The Feinstein Institute for Medical Research has teamed with MakerBot to use 3-D printer technology to create tracheal rings that will enable patients to breathe better.
Haut, Knochen, Knorpel und Gelenke künftig einfach „nachdrucken“?
Lassen sich Haut und Knochen einfach „nachdrucken“ und implantieren? Ein japanisches Forscherteam ist dabei, den Beweis anzutreten.
(…weiter auf chirurgie-portal.de)
Results are showcased at 51st Annual Meeting of The Society of Thoracic Surgeons
San Diego, CA – Investigators at The Feinstein Institute for Medical Research have made a medical breakthrough using 3D printing on a MakerBot® Replicator® 2X Experimental 3D Printer to create cartilage designed for tracheal repair or replacement. The results were reported today at the 51st Annual Meeting of The Society of Thoracic Surgeons in San Diego, in a presentation by Todd Goldstein, an investigator at the Feinstein Institute, part of the North Shore-LIJ Health System. This is a first for medical research where regular MakerBot PLA Filament was used to 3D print a custom tracheal scaffolding, which was combined with living cells to create a tracheal segment.
(…weiter auf feinsteininstitute.org)
Your trachea, or windpipe, connects the throat and lungs. Air comes in through the windpipe; carbon dioxide goes out.
If it is torn or diseased, surgeons have two ways to fix it. They can remove the damaged part and attach the healthy ends, but there’s only so much slack. Or they can extract some rib cartilage and graft it into the windpipe, which is also made of cartilage. Additional surgery has risks, however. So some patients can’t be helped.
(…weiter auf makerbot.com)
MakerBot Stories | Feinstein Institute for Medical Research
A team of surgeons and scientists at the Feinstein Institute of Medical Research, the research branch of the North Shore-LIJ Health System, has grown cartilage on a 3D printed scaffolding, pointing the way to custom repairs for damaged and diseased tracheas, or windpipes. The cells grow on a scaffolding created from ordinary MakerBot PLA Filament on a MakerBot Replicator 2X Experimental 3D Printer. “3D printing and tissue engineering have the potential to replace lots of different parts of the human body,” says Dr. Lee Smith, a pediatric otolargyngologist who participated in the research. “The potential for creating replacement parts is almost limitless.”
It has been announced, that a novel application of 3D-Bioprinting living tissue models for pharmaceutical testing is being developed at Swansea University-UK. A team of scientists have begun trailing a process, which has been designed to augment the development of new drugs and treatments. The research team led by Dr. Daniel Thomas of the Welsh Centre for Printing and Coating has produced a process which uses precision deposition technologies to produce complex tissue architectures.
(…weiter auf 3dprint.com)
It will surprise anyone in the 3D printing community to hear that the technology can be potentially life-saving; over the past year we’ve learned of numerous studies and scientific breakthroughs that could make 3D printed organs, blood vessels and skin tissue a reality over the next couple of years Just this week the Japanese government announced a whole round of investments aimed at developing 3D printable human organs.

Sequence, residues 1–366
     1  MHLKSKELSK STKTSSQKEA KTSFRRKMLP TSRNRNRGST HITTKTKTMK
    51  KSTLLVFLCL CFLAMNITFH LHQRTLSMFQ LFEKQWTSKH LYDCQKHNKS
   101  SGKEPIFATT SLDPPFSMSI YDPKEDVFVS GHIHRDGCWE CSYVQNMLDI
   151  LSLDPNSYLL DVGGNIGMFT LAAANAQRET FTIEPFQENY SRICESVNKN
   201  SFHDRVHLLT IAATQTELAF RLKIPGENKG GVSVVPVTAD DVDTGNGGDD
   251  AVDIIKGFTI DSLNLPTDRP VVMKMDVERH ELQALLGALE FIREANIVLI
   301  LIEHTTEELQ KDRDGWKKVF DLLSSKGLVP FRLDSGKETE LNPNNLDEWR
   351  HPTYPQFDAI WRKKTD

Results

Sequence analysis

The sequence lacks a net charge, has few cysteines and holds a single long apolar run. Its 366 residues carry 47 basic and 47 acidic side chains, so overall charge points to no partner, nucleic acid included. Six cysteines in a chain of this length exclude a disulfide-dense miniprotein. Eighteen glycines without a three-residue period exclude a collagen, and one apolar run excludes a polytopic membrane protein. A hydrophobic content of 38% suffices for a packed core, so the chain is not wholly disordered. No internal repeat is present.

(…weiter auf 3ders.org)
Bioengineers are creating human body parts to replace organs and manage life-threatening diseases. How techniques like 3-D printing and stem cell research are driving medical advances and raising ethical questions
(…weiter auf thedianerehmshow.org „Audio“)
Research on various aspects of bioprinting is being conducted at numerous facilities throughout the world. Every part of the globe has begun to provide progressive steps for developing specific aspects of the bioprinting process. One of the newer research facilities is located at the University of Iowa (UI), which is working on tissue engineering. The University’s Mechanical and Industrial Department established its bioprinting lab in 2011.
(…weiter auf 3dprint.com)
Unternehmen wollen in Zukunft Essen, Leder und künstliche Organe ausdrucken
(…weiter auf welt.de)
SAN DIEGO, Nov. 18, 2014 /PRNewswire/ — Organovo Holdings, Inc. (NYSE MKT: ONVO) („Organovo“), a three-dimensional biology company focused on delivering breakthrough 3D bioprinting technology, today announced the full commercial release of the exVive3DTM Human Liver Tissue for preclinical drug discovery testing. Initially, clients will be able to access the technology through Organovo’s contract research services program. This model is intended to provide human-specific data to aid in the prediction of liver tissue toxicity or ADME outcomes in later stage preclinical drug discovery programs.
Organovo’s exVive3D Liver Models are bioprinted, living 3D human liver tissues consisting of primary human hepatocytes, stellate, and endothelial cell types, which are found in native human liver. The exVive3D Liver Models are created using Organovo’s proprietary 3D bioprinting technology that builds functional living tissues containing precise and reproducible architecture. The tissues are functional and stable for at least 42 days, which enables assessment of drug effects over study durations that well beyond those offered by industry-standard 2D liver cell culture systems.
(…weiter auf organovo.com)